Jews, Christians, and Muslims I. Ideas About Justice & Charity 1.1 In Judaism The term Tzedakah, a Jewish word which means charity, considers giving as part of their way of life wherein traditional Jews give 10% of their income. Donations will be for the poor or those considered in need of help…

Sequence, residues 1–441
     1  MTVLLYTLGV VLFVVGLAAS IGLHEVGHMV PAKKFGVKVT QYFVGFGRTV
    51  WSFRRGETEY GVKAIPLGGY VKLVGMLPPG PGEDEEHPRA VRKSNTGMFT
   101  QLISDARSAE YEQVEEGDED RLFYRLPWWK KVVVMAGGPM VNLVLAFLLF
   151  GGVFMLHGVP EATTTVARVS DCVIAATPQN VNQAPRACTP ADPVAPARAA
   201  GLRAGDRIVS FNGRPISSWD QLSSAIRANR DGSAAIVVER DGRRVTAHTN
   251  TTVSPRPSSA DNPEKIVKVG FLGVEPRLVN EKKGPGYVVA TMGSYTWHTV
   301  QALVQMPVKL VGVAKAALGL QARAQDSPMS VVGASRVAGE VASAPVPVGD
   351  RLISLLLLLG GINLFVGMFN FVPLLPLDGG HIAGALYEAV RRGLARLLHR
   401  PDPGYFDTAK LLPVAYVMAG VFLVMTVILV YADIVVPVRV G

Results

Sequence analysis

Thus, wealth and/or influence may not be utilized under Jewish Law, to provide an advantage prior to judgements. Jews refer to Leviticus 19:15 for the right way to judge any case. (Spiro, K. 2012) Even the king is not above the law. A king should be a good example for the fulfilment of the law. 1.2 For Christians From the point of view of Catholics (Knight, Kevin 2009), charity is a supernatural virtue given by God for the soul seen whenever a person gives to the poor or needy believing in the Words of Jesus who said in Matthew 25:40 “Truly I tell you, whatever you did for one of the least of these brothers and sisters of mine, you did for me.” For those who have never heard of these biblical words or who do not know Jesus and his teachings, the act is recognized as natural charity. For other Christians, charity can simply mean love or compassion for the poor, and the calling to show the way taught by Jesus Christ, through acts of kindness and generosity (All About God 2012) Justice, to many Christians, is the obligation of the church to inform the people about the proper criteria for judgements based on “the divine standards to which man and society must conform if civilization is to endure” (Mouw, R.J. 2010, p.3). For the individual, however, justice is taking the right stand based on the understanding about church teachings and the laws. There are times when man’s justice will not conform with God’s justice, in which case, divine retribution will follow at an unknown time. 1.3 Muslim Charity and Justice Benevolence of Muslims to others by feeding the hungry, clothing the naked, and educating the ignorant constitutes charity of “zakat”. With reference to the Koran, giving a part of a person’s wealth to specific persons is a way to cleanse one’s self. Ibrahim, R. (2009) cites Koran 9:103 to defend this statement. However, the giving should be to fellow Muslims in order to be called “zakat”. There has been a question of funding to terrorists who were identified as jihadists. Will that constitute a qualified “zakat”? This is presently being clarified to the Muslim world as misguided charity, because the Koran does not promote terrorism. Baig, K.(2002) teaches that prophets were sent precisely to “establish justice” and to end injustice. He even states justice as “the sole purpose of sending the prophets…” For Muslims, justice is simply giving whatever is due each person or group of people based on what is right and wrong, fair and unfair, characterized by no hatred or favouritism for relatives, loved ones, or neighbours. Justice, in Islam, requires retribution calling for the eye of the evildoer for the eye of the victim. Judgements should be based on the truth even if the truth favors the enemy. 1.4 Differences Of Ideas In Each Tradition For the Muslims, charity involves giving to fellow Muslims, whereas for Jews and Christians, charity refers to any poor and needy regardless of religion or no religion. Justice is based on the truth for all three religious traditions. Impartiality is also a common factor for all three. The difference in defining justice is in a very narrow interpretation understood by Muslims by their belief that the only solution or right thing to do to establish justice is to practice the tradition of retribution—“an eye for an eye”. Christians believe in forgiving although the law should be enforced and the corresponding punishments should be imposed. Jews also believe in the ...
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